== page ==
Arctic adventure tour: Explore the tundra wilderness
Two weeks. Two UAZ jeeps. From 1200 USD / pax. Russia
Behold the awesome splendor of the spectacular untouched landscapes! Rejoice in incredible and rare wildlife encounters, explore mysterious abandoned historic sites, experience unique local cultures, and soak in the breathtaking wonder at every turn!
Here is a very unique and rare chance to experience the true Russian Arctic on a rawboned exploration and expedition. Using all of your skills and all of your senses you will participate in a truly rugged adventure jam-packed with thrills as you travel on rough unmaintained roads through the pristine icy landscapes and picturesque villages.
And if we’re lucky, and we almost always are, you can experience the Aurora Borealis or Northern Lights which will shock you with its especially vibrant colors, shapes, and ever-moving patterns. Amazing!
The Russian Arctic is one of the most spectacular under-explored, seldom visited, mysterious, and least understood places on the earth. A land of raw beauty at every turn, the Arctic is a place of endless wonder and one of the last vast and untouched regions on the planet.
Don’t wait for inspiration… Go after it!
This March we will travel across Russia driving two rugged and fully equipped 4x4 jeeps to explore the Russian Northland and Arctic. We will be on and off-road tripping in the middle of nowhere during for two cold but eventful weeks in order to experience Russian North Country and all it has to offer. Be ready to face the difficulties. Be ready to explore the wildernesses. Be ready to have a true adventure!
Starting from the bustling city of Moscow, we will quickly escape the angry traffic and move into a different Russia that many will never know. It’s a vast countryside, sparsely populated and underdeveloped. Passing several Golden Ring towns, we will gaze at the rare features of a culture still living in the past. Rural highways will take us to small towns and villages interspersed only by vast tracts of virgin forests with occasional lakes and rivers.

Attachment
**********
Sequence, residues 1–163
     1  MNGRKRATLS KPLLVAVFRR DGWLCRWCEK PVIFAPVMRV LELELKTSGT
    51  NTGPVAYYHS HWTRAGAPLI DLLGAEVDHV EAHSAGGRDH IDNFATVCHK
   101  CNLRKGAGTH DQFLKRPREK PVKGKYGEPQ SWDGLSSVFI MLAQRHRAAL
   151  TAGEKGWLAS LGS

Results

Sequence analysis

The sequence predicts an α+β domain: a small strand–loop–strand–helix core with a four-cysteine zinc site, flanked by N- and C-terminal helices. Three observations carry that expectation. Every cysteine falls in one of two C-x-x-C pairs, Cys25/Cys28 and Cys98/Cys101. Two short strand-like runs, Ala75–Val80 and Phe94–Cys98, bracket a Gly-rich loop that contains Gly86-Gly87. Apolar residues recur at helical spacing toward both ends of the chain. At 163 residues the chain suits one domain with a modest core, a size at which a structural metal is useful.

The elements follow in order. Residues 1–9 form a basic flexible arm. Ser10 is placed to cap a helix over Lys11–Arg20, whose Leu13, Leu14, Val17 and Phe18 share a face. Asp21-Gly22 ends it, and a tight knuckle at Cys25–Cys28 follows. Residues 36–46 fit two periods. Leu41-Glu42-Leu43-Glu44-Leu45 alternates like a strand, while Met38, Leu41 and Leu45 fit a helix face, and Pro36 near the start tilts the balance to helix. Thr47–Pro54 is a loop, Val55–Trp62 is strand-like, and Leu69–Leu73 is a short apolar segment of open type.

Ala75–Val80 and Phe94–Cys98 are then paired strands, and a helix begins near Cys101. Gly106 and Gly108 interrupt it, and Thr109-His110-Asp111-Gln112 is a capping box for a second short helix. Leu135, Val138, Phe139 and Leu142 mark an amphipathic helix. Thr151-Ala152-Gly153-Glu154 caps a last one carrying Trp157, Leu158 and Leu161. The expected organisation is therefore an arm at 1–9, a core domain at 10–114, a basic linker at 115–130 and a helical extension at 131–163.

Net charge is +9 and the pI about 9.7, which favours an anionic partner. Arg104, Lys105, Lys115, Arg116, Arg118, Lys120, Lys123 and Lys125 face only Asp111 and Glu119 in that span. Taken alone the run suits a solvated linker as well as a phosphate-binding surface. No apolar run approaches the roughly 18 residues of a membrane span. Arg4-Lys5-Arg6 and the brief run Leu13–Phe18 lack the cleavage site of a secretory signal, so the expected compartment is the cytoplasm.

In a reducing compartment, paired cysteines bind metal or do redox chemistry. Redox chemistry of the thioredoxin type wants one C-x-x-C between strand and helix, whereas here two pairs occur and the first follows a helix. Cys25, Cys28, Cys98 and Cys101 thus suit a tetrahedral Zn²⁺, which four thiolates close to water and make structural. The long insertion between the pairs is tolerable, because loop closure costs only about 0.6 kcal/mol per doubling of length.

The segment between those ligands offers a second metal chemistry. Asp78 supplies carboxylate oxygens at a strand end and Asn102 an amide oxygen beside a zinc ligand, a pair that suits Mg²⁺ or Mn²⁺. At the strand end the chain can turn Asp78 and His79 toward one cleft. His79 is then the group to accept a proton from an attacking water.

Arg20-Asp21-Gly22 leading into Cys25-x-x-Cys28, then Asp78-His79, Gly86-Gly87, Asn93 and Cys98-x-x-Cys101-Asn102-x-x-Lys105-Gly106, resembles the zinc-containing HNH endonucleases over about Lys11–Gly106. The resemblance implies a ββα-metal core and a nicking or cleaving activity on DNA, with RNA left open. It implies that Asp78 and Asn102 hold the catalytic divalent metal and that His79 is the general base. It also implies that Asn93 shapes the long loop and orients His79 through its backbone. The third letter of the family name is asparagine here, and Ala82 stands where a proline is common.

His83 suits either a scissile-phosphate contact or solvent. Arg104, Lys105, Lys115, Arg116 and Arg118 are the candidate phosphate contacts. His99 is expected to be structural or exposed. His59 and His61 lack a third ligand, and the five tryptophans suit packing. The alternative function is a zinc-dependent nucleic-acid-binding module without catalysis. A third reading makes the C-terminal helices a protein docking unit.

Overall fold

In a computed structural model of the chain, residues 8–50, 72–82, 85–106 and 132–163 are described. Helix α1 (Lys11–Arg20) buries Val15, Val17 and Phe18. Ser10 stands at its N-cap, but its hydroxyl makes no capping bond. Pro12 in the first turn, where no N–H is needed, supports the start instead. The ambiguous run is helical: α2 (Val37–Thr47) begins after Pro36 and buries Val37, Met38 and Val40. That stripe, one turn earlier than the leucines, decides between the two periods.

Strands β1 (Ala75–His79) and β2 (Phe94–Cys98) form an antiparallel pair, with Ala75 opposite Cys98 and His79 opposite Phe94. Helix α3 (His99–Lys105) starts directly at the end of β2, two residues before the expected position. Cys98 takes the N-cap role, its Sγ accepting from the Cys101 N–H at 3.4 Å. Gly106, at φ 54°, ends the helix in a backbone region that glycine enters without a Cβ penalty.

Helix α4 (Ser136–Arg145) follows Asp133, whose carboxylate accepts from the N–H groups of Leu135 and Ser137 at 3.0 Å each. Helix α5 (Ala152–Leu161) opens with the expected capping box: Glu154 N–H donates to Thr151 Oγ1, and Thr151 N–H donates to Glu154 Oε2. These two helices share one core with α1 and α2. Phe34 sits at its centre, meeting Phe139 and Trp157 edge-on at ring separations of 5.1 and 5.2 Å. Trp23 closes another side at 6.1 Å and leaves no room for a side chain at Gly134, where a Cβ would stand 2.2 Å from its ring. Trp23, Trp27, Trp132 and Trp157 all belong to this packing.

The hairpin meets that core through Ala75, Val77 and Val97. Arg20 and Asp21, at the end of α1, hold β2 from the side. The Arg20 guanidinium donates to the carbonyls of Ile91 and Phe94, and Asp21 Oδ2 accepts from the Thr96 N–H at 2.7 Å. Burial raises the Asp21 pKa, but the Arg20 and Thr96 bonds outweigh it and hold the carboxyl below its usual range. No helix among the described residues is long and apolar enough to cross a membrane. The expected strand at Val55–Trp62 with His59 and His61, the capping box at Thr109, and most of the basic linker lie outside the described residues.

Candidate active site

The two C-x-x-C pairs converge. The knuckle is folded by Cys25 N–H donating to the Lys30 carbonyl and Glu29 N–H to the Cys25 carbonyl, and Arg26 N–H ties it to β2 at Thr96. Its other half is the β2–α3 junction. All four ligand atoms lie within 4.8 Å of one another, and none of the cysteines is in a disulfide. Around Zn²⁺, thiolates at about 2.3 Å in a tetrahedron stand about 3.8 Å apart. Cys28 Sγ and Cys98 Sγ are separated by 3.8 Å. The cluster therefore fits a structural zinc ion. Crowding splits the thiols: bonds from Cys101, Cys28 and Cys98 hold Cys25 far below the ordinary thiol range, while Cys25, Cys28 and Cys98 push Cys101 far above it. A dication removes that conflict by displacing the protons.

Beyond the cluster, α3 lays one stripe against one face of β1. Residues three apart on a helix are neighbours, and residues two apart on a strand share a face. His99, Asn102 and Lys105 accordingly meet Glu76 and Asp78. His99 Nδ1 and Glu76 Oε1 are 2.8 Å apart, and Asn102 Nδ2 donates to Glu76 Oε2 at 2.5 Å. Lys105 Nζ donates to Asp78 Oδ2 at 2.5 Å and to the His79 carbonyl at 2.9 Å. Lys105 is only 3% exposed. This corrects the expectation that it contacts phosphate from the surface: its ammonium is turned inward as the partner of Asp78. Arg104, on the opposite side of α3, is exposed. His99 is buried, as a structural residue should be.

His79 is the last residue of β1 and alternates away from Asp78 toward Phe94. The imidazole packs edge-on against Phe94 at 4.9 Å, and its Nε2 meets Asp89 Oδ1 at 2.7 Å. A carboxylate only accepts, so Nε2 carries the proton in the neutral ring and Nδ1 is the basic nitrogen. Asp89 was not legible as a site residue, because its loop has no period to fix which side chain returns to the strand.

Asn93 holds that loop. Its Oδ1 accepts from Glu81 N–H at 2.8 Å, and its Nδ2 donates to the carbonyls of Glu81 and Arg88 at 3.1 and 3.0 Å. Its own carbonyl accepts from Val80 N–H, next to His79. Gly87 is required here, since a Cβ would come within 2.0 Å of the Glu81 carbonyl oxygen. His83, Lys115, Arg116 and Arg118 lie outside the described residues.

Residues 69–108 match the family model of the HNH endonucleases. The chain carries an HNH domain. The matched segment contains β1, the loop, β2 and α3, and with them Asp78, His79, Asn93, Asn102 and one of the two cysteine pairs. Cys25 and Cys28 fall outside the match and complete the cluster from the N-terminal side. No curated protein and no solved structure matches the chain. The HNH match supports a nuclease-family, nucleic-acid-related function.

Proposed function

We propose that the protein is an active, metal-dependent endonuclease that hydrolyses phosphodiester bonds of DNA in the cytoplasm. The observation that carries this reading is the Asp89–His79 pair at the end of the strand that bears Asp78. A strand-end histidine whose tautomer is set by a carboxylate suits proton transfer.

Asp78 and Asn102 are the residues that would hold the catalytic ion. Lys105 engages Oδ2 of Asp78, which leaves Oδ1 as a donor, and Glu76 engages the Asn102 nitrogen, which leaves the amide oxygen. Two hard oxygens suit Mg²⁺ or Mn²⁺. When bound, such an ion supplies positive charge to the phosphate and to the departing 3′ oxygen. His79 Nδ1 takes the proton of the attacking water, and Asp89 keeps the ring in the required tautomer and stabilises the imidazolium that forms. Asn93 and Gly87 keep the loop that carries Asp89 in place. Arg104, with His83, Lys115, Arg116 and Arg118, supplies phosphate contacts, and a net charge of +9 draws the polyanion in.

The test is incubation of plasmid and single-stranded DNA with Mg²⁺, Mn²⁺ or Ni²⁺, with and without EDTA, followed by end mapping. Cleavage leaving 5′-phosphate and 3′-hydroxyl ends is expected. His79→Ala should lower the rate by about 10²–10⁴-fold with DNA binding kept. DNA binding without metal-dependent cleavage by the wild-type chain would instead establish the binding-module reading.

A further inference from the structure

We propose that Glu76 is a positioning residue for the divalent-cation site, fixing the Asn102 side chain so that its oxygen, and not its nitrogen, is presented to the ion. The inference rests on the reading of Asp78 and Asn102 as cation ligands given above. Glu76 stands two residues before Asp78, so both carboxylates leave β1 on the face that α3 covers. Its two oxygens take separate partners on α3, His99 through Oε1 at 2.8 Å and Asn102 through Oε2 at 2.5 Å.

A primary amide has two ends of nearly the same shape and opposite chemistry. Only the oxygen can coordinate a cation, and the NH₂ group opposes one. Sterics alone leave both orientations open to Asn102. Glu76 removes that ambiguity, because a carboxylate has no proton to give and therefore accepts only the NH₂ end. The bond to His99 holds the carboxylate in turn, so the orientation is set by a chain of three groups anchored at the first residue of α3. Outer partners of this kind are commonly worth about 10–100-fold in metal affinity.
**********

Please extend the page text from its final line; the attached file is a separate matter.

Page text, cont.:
Moving towards the great Northland will bring us back in time… and back to nature! By the third day, we will arrive at the beginning of what we jokingly refer to as ‘Nowhere’. We will bid the rural highway a fond farewell at its last pothole and then only deep tracks of winter roads will be our travel mates as we will continue northwards. We will now enjoy another level of travel as during the next days we will fight our way through the wilderness of Russian Northland to the Arctic Ocean. Be ready to find what 4x4 is for!
We will spend a couple of days in a typical Arctic town of Vorkuta to see where true Russian wealth lies. In this Motherland of Coal, we will wander around abandoned settlements and memorable GULAG sites to see the former greatness of Soviet epoch and its dark traces. We will also do some exotic trekking to the Ural Mountain and drive snowmobiles to visit reindeer herds and their breeders at the Aboriginal settlements.
A Rare Opportunity to Explore the Russian Northland and Arctic. Experience It’s Rugged Beauty and Famous Mystery in real time!
Ours is a true exploration and adventure. We don't want to set any rigid schedule, we just want to be road tripping, actually off-road tripping in the middle of nowhere. This is how to really experience the country and all it has to offer.
We want to face the hardships and challenges, absorb the pristine nature of the Russian North, experience the unique and hardened life of the local people, become hypnotized from the brilliant and exotic glow of the Northern Lights and, most importantly we will bond with our new friends and enjoy the company of courageous and enthusiastic travel mates who are on the same wavelength with us.